DEAR DR. DONOHUE: In 2000, I found out I have hepatitis C. I was a drug user in the past and could have gotten it from sharing needles. Since my diagnosis, I notice that my skin is darker, and I have lost most of my hair. I sometimes feel tired for no reason. The doctor at this institution started me on treatment, but I had to stop since my body rejected the treatment. What are my options? – J.W.

ANSWER: Hepatitis C is a widespread infection. In the United States, at least 4 million are infected, and in the entire world, 170 million have it. Nearly 85 percent stay infected with the virus for the rest of their life. Of that number, some 20 percent will come down with liver cirrhosis. That doesn’t happen right away; it takes about 20 years. A smaller percentage – 1 percent to 4 percent – develop liver cancer.

I don’t know if your symptoms stem from hepatitis C. Fatigue is a hepatitis symptom, but hepatitis fatigue is usually persistent, not like yours. Darker skin and hair loss are not terribly common hepatitis symptoms; yellow skin can be.

The standard treatment for hepatitis C is the combination of interferon, given by shot, and ribavirin, given as a tablet or capsule. Headache, nausea and muscle pain sometimes follow interferon treatment. Hair loss, weight loss and depression are also possible. There are medicines to counter some of these side effects, and sometimes the side effects diminish with continued use. Ribavirin can produce cough, shortness of breath, anemia and weight loss, but fewer react to it the way they do to interferon. There is no good substitute for either.

Maybe you don’t need treatment. The indications for it are elevated blood levels of liver enzymes, along with scarring and inflammation seen on a liver biopsy.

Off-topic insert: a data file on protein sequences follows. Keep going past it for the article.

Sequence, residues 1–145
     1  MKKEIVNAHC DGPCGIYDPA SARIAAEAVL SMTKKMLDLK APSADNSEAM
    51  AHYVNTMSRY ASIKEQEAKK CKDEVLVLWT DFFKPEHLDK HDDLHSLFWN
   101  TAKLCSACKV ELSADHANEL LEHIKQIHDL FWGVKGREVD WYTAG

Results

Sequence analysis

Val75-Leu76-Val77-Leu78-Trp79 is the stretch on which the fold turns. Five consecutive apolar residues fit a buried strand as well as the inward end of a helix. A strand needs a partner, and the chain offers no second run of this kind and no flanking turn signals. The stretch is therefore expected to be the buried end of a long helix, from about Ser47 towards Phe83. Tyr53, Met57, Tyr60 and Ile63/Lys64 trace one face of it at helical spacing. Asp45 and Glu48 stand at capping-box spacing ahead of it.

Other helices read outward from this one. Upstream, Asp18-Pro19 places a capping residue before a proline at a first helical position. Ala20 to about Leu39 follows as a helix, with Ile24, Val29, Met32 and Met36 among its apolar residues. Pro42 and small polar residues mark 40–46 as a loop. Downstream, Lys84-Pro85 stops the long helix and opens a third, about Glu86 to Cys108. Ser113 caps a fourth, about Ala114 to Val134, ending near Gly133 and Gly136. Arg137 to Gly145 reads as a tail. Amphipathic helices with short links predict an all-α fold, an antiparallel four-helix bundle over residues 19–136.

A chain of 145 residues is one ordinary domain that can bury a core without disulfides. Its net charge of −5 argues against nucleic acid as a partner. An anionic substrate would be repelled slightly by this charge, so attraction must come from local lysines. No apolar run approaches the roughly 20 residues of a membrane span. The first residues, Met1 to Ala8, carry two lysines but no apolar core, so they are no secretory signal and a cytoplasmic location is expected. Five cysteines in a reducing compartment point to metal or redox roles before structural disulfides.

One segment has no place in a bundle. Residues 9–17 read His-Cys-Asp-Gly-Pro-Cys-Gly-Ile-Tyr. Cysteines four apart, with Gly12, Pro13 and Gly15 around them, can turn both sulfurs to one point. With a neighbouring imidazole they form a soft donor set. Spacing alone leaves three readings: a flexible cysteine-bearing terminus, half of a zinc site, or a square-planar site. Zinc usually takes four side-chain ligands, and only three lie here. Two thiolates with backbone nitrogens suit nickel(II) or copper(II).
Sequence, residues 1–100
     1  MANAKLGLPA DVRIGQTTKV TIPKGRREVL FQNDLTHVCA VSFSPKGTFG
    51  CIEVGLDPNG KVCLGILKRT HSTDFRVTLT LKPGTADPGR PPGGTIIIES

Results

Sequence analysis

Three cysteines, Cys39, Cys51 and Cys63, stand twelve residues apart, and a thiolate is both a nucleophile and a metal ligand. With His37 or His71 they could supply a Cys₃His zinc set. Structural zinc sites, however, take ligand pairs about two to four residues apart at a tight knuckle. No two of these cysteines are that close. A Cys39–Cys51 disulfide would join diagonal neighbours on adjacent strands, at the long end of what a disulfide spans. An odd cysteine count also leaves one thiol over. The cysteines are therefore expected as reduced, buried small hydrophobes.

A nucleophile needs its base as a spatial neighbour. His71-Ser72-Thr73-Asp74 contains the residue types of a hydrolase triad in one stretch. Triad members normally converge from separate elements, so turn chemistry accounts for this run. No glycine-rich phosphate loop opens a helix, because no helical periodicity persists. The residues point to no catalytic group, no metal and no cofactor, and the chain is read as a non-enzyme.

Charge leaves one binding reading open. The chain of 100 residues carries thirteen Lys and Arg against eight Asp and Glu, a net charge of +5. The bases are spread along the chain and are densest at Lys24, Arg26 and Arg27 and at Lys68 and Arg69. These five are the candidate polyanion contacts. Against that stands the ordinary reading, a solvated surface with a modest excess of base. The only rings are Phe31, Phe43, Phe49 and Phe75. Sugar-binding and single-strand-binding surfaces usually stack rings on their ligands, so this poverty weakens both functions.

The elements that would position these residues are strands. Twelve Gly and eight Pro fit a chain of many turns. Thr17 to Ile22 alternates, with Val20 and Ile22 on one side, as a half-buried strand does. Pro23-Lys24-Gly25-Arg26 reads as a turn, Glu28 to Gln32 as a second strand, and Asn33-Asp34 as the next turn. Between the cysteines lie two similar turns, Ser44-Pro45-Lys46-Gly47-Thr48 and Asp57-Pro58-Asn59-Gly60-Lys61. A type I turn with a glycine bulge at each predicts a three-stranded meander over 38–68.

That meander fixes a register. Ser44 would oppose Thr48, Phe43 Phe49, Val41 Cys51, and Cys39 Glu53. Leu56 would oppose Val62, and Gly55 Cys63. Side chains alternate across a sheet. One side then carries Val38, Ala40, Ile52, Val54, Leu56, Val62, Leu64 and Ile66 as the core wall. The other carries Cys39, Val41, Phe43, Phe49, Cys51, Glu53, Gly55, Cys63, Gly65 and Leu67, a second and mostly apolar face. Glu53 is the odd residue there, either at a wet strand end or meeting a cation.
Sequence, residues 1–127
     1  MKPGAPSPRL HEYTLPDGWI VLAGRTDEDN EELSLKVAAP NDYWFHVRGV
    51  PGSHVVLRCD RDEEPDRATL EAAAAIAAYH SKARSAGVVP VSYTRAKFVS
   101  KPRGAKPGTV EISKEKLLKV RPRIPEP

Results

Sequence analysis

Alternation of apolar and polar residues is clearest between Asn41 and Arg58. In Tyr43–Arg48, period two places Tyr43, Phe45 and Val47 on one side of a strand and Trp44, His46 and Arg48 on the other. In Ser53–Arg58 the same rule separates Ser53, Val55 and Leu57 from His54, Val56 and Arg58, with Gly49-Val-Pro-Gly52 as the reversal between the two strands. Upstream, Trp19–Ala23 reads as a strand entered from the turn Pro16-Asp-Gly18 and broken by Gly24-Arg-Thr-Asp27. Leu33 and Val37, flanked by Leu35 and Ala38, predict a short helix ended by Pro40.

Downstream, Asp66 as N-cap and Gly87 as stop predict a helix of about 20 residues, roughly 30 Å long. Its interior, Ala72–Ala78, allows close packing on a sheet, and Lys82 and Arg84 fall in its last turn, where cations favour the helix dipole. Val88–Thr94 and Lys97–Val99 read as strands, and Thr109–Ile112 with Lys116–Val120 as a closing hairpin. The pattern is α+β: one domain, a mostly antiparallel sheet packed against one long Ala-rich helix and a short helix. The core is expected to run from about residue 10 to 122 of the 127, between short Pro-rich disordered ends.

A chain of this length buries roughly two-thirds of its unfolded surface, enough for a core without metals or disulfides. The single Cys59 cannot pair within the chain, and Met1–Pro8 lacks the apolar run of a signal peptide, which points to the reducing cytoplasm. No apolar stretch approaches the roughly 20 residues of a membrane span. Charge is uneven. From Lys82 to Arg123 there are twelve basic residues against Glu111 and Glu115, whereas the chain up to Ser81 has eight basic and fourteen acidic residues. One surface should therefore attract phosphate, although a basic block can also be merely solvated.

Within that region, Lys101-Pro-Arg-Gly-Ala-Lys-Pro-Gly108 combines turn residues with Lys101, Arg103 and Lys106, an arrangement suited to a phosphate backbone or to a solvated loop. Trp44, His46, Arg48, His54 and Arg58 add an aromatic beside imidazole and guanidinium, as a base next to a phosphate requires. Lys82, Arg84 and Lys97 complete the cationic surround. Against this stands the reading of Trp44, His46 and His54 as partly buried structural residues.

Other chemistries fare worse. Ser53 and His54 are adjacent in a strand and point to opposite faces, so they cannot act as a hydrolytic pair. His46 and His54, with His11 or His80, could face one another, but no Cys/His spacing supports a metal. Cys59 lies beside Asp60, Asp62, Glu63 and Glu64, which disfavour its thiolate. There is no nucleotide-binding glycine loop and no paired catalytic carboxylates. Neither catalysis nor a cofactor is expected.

Without treatment, the odds of decent health are still in your favor unless your liver biopsy shows severe changes. Even then, abstinence from alcohol spares the liver from increased destruction, and the possibility of a liver transplant can be entertained if such becomes necessary.

The hepatitis booklet provides information on the three common hepatitis varieties – A, B and C. To obtain a copy, write to: Dr. Donohue – No. 503, Box 536475, Orlando, FL 32853-6475. Enclose a check or money order (no cash) for $4.75 U.S./$6.75 Can. with the recipient’s printed name and address. Please allow four weeks for delivery.

DEAR DR. DONOHUE: My sister and I both had smallpox when we were young. I am 83. We were told that you never get it again. Doctors now tell me that’s wrong. Is it? – B.F.

ANSWER: You won’t ever get smallpox again. It’s been wiped off the face of the earth – although the virus still exists, locked up in a few laboratories.

When it was given, the smallpox vaccine did a good job of preventing smallpox altogether and making it a much less formidable illness if it was caught. I believe you can safely say the same for a smallpox infection. (This is theoretical now. It’s not going to happen.)

DEAR DR. DONOHUE: I am a 70-year-old man who had a hip replaced one year ago. The doctor prescribed Keflex to be taken before dental procedures. I took the medicine as prescribed and headed to the dentist’s office. While driving, I experienced dizziness, and my vehicle hit a tree beside the road.

I was taken by rescue squad to the emergency room, where numerous tests were done. I was later released. They told me I had an allergic reaction to the Keflex, a penicillin-type drug. I did have itchy, red fingers during the ambulance trip.

What can I do to be safe in the future? My doctor has changed the medicine to clindamycin. – B.M.

ANSWER: People who have leaky or narrowed heart valves, artificial heart valves or artificial joints take antibiotics before dental procedures that cause bleeding. Mouth bacteria can get into the blood and find a safe haven on such valves or joints.

Keflex has a chemical structure similar to that of penicillin, so allergy to one often means allergy to the other. Clindamycin is a perfectly acceptable substitute. You should not suffer a reaction to it.

Dr. Donohue regrets that he is unable to answer individual letters, but he will incorporate them in his column whenever possible. Readers may write him or request an order form of available health newsletters at P.O. Box 536475, Orlando, FL 32853-6475. Readers may also order health newsletters from www.rbmamall.com


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